These puzzles are very popular with students from kindergarten through grade 3. Having only five pieces instead of the classic seven makes them much less intimidating for many people. Students who enjoy these puzzles may be encouraged to try the classic tangrams.
Making the pieces
I use craft foam because it is easy to handle and lasts very well, but if you
are in a hurry, you could make them out of cardstock. Here is the template for
which fit into my puzzles. Colour-coding the shapes makes it easier to check
that a set is complete and to compare solutions to puzzles. Here are templates
to make many copies of each shape:
For classroom demonstration and discussion, I’ve found it helpful to make a
magnetic set of pieces by sticking a foam set to shapes cut from magnetic
I like to review the names of the pieces first. The only piece that may be
unfamiliar is the parallelogram, but even kindergarteners are more than capable
of learning the word – after all, it’s got the same number of syllables as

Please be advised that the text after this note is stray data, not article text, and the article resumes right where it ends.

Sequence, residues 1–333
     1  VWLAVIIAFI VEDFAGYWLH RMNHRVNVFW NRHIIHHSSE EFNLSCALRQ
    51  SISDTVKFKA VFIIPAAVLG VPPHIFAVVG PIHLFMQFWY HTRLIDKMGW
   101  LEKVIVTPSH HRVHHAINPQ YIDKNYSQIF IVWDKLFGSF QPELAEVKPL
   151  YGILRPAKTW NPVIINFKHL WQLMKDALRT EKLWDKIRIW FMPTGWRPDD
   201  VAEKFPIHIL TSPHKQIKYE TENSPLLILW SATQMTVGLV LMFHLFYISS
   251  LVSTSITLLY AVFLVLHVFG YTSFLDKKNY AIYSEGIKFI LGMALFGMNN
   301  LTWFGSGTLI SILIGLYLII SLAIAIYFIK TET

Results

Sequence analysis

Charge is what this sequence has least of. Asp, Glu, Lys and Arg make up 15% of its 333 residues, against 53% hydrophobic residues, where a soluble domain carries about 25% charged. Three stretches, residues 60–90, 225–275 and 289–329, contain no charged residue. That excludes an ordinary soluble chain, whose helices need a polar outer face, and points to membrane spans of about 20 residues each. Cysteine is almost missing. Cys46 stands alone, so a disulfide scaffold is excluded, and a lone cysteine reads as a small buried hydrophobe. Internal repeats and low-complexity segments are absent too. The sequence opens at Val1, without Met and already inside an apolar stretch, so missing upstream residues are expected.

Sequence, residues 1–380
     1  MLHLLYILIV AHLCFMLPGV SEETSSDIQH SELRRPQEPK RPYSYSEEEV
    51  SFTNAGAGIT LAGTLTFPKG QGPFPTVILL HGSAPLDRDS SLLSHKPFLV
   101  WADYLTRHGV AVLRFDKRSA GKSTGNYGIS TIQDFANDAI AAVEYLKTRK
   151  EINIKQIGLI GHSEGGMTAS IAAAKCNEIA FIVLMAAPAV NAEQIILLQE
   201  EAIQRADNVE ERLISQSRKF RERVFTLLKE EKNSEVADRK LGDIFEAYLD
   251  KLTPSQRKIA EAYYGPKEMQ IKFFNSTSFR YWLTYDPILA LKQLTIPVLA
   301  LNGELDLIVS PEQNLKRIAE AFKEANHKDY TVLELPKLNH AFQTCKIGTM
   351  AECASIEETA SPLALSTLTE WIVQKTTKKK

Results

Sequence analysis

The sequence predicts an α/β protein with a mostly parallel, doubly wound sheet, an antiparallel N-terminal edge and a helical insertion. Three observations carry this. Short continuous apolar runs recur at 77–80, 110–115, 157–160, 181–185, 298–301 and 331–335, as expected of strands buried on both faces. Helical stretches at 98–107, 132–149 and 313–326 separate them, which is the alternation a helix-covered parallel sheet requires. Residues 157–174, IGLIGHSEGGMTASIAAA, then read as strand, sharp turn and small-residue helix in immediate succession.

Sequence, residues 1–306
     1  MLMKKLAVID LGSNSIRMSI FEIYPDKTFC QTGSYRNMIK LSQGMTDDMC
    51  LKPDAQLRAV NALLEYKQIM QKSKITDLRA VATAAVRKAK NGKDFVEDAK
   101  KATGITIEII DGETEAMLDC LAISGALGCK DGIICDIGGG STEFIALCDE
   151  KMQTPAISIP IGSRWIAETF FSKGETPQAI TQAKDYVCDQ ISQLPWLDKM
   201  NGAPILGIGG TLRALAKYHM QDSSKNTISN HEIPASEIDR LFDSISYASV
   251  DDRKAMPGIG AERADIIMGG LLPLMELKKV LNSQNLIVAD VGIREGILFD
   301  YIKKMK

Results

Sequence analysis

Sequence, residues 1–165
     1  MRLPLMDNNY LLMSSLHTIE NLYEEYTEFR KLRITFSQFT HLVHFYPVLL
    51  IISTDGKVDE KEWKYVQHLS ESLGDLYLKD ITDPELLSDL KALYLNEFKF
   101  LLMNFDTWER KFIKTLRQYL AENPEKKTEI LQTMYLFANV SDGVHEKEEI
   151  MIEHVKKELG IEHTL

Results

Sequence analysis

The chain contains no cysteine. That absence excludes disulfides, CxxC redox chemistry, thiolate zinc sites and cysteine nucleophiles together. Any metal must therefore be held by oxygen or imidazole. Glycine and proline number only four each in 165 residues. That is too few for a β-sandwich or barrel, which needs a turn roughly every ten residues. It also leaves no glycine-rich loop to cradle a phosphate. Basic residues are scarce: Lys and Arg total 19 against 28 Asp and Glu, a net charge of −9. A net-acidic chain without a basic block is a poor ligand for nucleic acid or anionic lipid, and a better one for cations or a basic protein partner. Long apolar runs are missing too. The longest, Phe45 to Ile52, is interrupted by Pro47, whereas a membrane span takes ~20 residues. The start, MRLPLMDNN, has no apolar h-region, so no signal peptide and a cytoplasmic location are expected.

“tyrannosaurus”, which they can rattle off with ease.
While we are all looking at the board, I ask if anyone can see how to make one
of the pieces out of two of the others. Usually the first student to volunteer
arranges the two small triangles to mimic the orange square. Then I ask for
someone to use those same small triangles to make the same size and shape as the
green triangle, and after that has been done, ask for someone to show us how to
make the blue parallelogram out of those two small triangles. That is trickier –
it may help to suggest that the volunteer place the smaller shapes over the big
one to see how they fit together. This leads to the printed puzzles.
Now everyone gets their own set of five pieces and the first page of puzzles.
Sometimes we go through several of these together before I turn the students
loose to go at their own speed. Depending on the age of the class and their
ability to reflect on their experiences, at the end of the session we might
discuss what makes a puzzle easier or harder to solve.
Here are the puzzles themselves: